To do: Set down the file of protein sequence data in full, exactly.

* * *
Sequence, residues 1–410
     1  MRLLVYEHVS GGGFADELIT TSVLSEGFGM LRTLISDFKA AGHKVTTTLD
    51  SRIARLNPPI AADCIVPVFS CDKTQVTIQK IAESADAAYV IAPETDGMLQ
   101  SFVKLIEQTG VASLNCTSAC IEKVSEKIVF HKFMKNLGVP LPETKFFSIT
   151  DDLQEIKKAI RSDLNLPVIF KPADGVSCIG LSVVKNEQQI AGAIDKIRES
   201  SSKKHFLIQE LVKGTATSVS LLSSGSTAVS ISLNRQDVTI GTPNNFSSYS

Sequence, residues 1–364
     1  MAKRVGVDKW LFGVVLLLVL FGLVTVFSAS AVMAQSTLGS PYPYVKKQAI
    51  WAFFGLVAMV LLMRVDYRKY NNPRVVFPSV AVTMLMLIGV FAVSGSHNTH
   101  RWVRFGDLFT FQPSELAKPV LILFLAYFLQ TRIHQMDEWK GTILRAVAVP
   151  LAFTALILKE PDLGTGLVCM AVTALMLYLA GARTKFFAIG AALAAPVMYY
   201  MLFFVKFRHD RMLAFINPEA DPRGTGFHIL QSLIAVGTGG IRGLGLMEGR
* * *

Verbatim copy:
Sequence, residues 1–410
     1  MRLLVYEHVS GGGFADELIT TSVLSEGFGM LRTLISDFKA AGHKVTTTLD
    51  SRIARLNPPI AADCIVPVFS CDKTQVTIQK IAESADAAYV IAPETDGMLQ
   101  SFVKLIEQTG VASLNCTSAC IEKVSEKIVF HKFMKNLGVP LPETKFFSIT
   151  DDLQEIKKAI RSDLNLPVIF KPADGVSCIG LSVVKNEQQI AGAIDKIRES
   201  SSKKHFLIQE LVKGTATSVS LLSSGSTAVS ISLNRQDVTI GTPNNFSSYS

Sequence, residues 1–364
     1  MAKRVGVDKW LFGVVLLLVL FGLVTVFSAS AVMAQSTLGS PYPYVKKQAI
    51  WAFFGLVAMV LLMRVDYRKY NNPRVVFPSV AVTMLMLIGV FAVSGSHNTH
   101  RWVRFGDLFT FQPSELAKPV LILFLAYFLQ TRIHQMDEWK GTILRAVAVP
   151  LAFTALILKE PDLGTGLVCM AVTALMLYLA GARTKFFAIG AALAAPVMYY
   201  MLFFVKFRHD RMLAFINPEA DPRGTGFHIL QSLIAVGTGG IRGLGLMEGR